The world is enraptured with a bunch of small invisible creatures perched on desktops and sitting in parks.
It’s the game that requires kiddies (and adults – let’s be real, mostly adults) to explore the real world if they want to fill their pockets with more invisible creatures.
The game has been getting a lot of hype and a lot of scrutiny too as users say it chews through data allocation like a log in a wood chipper.
The official website for PokemonGo estimates usage will be around 2-8 megabytes of data per hour.
This seems like a relatively low amount – but many users say otherwise.
A writer on gaming website Feenix Bazaar tested the usage and said an hour of gameplay consumed roughly 20 megabytes.
“On Vodafone’s 4G network in Melbourne, Australia, I consume roughly 20MB of data for an hour of play,” they said.
As a gal who spent a large portion of her childhood catching Pokemon, I ignored these warnings and downloaded the app as soon as word of its existence passed down my grapevine.
I watched in envy as one friend posted status after status about her poke-journey across Melbourne. I watched her level up, beat gyms and capture all the Pokemon my desk job prevented me from seeing.
And then she deleted it.
She said after one night of poke-binging she lost her house keys, developed a cold, was locked out from her Gmail account and used half her data for the month despite only being seven days in.
"POKÉMON GO IS NOT FOR THE FAINT HEARTED. 24 hours ago I packed my backpack, put on a pair of trainers and baseball cap and left the house on a quest to become the very best that no one ever was," she said.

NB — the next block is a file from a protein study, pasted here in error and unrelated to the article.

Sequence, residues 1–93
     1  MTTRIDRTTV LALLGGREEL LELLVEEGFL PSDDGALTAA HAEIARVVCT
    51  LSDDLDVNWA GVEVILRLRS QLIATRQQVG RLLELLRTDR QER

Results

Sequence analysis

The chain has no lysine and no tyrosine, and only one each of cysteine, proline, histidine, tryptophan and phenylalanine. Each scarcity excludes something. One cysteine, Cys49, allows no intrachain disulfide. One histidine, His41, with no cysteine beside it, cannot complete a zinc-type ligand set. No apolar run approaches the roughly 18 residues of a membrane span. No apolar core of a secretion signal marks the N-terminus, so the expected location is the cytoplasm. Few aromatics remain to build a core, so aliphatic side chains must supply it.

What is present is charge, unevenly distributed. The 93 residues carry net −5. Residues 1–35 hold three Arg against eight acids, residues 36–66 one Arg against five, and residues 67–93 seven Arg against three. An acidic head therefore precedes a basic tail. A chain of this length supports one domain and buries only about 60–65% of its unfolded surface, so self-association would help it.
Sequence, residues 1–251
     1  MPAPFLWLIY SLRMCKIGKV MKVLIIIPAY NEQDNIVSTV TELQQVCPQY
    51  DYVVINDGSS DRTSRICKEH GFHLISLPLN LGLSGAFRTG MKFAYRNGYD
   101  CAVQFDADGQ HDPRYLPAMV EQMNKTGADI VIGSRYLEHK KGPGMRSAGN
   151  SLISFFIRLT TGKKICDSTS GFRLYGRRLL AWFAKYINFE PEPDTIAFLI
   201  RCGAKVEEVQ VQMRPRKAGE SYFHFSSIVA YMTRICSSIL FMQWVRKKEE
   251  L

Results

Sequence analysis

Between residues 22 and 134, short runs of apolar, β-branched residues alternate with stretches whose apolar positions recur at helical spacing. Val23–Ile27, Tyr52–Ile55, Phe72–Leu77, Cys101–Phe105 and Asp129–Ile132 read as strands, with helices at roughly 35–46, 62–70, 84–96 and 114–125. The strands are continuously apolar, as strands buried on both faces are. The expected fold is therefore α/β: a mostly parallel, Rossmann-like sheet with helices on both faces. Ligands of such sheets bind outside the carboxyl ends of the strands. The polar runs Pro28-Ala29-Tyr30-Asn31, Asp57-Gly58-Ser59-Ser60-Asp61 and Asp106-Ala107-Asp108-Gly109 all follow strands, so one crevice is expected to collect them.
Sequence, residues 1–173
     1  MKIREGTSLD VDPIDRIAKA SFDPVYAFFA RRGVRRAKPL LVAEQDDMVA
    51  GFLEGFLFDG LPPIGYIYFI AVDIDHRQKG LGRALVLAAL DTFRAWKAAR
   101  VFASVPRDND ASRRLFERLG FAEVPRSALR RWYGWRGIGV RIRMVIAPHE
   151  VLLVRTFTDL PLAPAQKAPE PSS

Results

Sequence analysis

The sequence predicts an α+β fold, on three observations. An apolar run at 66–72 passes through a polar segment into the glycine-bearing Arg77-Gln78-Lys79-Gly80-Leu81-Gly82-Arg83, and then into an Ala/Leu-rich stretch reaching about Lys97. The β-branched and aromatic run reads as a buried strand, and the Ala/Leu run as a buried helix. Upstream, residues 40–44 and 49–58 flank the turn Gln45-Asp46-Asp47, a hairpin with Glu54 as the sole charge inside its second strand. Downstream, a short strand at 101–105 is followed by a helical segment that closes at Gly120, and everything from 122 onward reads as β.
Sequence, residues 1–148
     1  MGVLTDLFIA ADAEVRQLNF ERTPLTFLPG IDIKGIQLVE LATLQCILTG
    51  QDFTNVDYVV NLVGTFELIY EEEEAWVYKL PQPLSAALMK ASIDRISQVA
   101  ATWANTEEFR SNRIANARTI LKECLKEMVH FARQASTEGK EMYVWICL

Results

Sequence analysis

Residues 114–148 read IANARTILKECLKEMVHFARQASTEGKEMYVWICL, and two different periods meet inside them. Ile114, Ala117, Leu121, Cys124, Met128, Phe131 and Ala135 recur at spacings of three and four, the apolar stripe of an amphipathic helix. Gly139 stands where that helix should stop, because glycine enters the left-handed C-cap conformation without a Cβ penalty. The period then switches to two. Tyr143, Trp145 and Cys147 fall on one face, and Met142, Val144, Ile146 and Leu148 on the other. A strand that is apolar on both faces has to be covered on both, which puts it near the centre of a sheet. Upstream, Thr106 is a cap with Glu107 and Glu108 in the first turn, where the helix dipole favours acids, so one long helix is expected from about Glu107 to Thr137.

"Received a message from Optus saying I've used half my data for the month."
There are only a few things more terrifying than a message from your provider saying you have used 95% of your data with 10 days to go.
I would know. Telstra messages me almost as much as my mother does.
Even the Police are onto Pokemon Go... but perhaps for different reasons...
In addition to eating your data, it turns out Pokemon Go is also collecting it.
Pokemon Go? More like Pokemon NO.
From there, they're able to share that information with other parties and providers, where your personal information may be used for “research and analysis, demographic profiling, and other similar purposes.”
The Google help page explains what level of access Pokemon Go now has to a user’s personal information.
“When you grant full account access, the application can see and modify nearly all information in your Google Account (but it can’t change your password, delete your account, or pay with Google Wallet on your behalf),” it said.
Google recommended users only allow this level of access to trusted applications.
“If you’ve granted full account access to an app you don’t trust or recognise, we recommend that you revoke this permission by clicking the Revoke access button,” Google wrote.
Niantic has responded with a statement that says the request for this level of access is a mistake.
"We recently discovered that the Pokémon Go account creation process on iOS erroneously requests full access permission for the user's Google account."
"However, Pokémon Go only accesses basic Google profile information (specifically, your user ID and e-mail address) and no other Google account information is or has been accessed or collected."
The company said it was working on fixing this error so users would only have their basic profile data taken.
"Google will soon reduce Pokémon Go's permission to only the basic profile data that Pokémon Go needs, and users do not need to take any actions themselves."
The impact of these statements might be lost in a bit of techno mumbo-jumbo but because no other major location-based apps (Tinder, Foursquare, etc) collect this level of information, Pokemon Go is essentially the most detailed location-based app in the world.
Smile and wave to the hackers, people. Smile and wave.